We are developing the social individualist meta-context for the future. From the very serious to the extremely frivolous... lets see what is on the mind of the Samizdata people.

Samizdata, derived from Samizdat /n. - a system of clandestine publication of banned literature in the USSR [Russ.,= self-publishing house]

Howard Roark laughed

It is a widely accepted axiom that our memory plays tricks on us. I beg to differ; it does not play tricks, it is just pitifully unreliable.

Technology is always a good indicator as to the truth of this. Many of us are rather wary of ‘new fangled things’ when they first appear on the market. But enough of us adopt them to make them viable. Then more of us adopt them and, before long, they are universal.

I bought my first mobile phone (cellphone) back in 1994 and have had one ever since. I was in the minority then. Now I am just a part of the crowd. More than that I can barely remember how I managed to cope without my mobile phone. How on earth did I ever get along without the convenience it provides? But I know that must have done.

A similar phenomenon applies to state regulatory regimes. Governments enact them to initial responses of suspicion and confusion but, applied vigourously, in a few short years they become a part of the social fabric and nobody can imagine living without them nor how we all coped beforehand.

A perfect example of this is Britain’s planning and building control regime which requires all new building (and even alteration of existing buildings) to be approved by a committee of local bureaucrats who, in turn, are answerable to central government.

Now, it will come as a surprise to nobody to learn that I think the whole mountain of legislation in this area should be scrapped; placed on a bonfire and burned to ashes while we all dance wildly around till dawn. I have good reason for wishing it so and I am not reluctant to broadcast this view.

Yet, whenever I do, I am greeted with almost uniform blank incomprehension.

Don’t be ridiculous. How could we live in a civilised society without planning laws? How would buildings be planned? Who would control land use and building quality?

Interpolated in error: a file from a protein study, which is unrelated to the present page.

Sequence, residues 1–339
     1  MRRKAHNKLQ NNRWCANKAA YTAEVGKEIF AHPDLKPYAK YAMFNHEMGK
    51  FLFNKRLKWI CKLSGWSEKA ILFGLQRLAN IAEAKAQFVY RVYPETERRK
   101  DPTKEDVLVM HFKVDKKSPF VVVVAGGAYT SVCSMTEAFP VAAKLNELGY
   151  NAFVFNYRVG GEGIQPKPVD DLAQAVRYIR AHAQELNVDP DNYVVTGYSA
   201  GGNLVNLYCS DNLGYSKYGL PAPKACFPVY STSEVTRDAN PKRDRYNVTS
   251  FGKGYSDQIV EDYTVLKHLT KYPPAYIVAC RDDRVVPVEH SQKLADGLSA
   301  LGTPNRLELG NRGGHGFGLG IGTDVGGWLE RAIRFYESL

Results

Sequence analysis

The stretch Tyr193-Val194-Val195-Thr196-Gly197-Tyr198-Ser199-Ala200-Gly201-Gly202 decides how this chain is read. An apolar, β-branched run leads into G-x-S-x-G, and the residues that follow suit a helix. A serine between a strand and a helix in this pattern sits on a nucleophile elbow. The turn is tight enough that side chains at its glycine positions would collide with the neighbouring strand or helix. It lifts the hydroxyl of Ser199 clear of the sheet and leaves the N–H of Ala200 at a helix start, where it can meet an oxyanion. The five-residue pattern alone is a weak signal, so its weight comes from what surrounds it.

My answer is, of course, nobody. The first planning laws were not enacted until 1949 amidst the post-war euphoria for sovietisation and when bureaucratic planning of every aspect of modern life was considered by all to be the wave of the future. Yet the vast majority of Britain’s towns and cities grew and prospered without the benefit of such mandates.

But how would I stop my next-door neighbour from opening an all-night discotheque? How would we stop greedy developers ruining our country with monstrosities and eyesores?

Valid concerns but long before we handed over responsibility for them to our elected officials, they were more than adequately dealt with by private treaty and mutually enforceable land covenants. Indeed, they are still in use today only now they are subordinate to the wishes of state-appointed officials who minister for our alleged good.

But what about architectural quality? How would this survive were it not for the state intervening?

In my view, it would not only survive but true architectural achievement would undergo a rebirth. Britain is fortunate to still retain so many buildings from its glorious past; the kind of buildings that inspire Hollywood movies and which tourists travel from all over the world to marvel at and photograph. All of them were built before 1949 and just about every soul-destroying eyesore and ugly edifice of urban blight in this country has been built since 1949.

It would not be right to say, though, that the dead hand of planning regulations have no effect because they do. They have the effect of suppressing innovation, reducing available housing stock and unnecessarily inflating the cost of the housing stock that does exist.

Yet, everybody believes that we would be lost without them despite that fact that we fared far better without them and within living memory.

The analogy with my mobile phone ends here because I can dispense with my mobile phone if I wish to. However, it benefits me both professionally and socially by facilitating communication at a reasonable price. Therefore it improves the quality of my life and I choose to keep paying for that.

Would that I could exercise such freedom of judgement when it comes to building a home.

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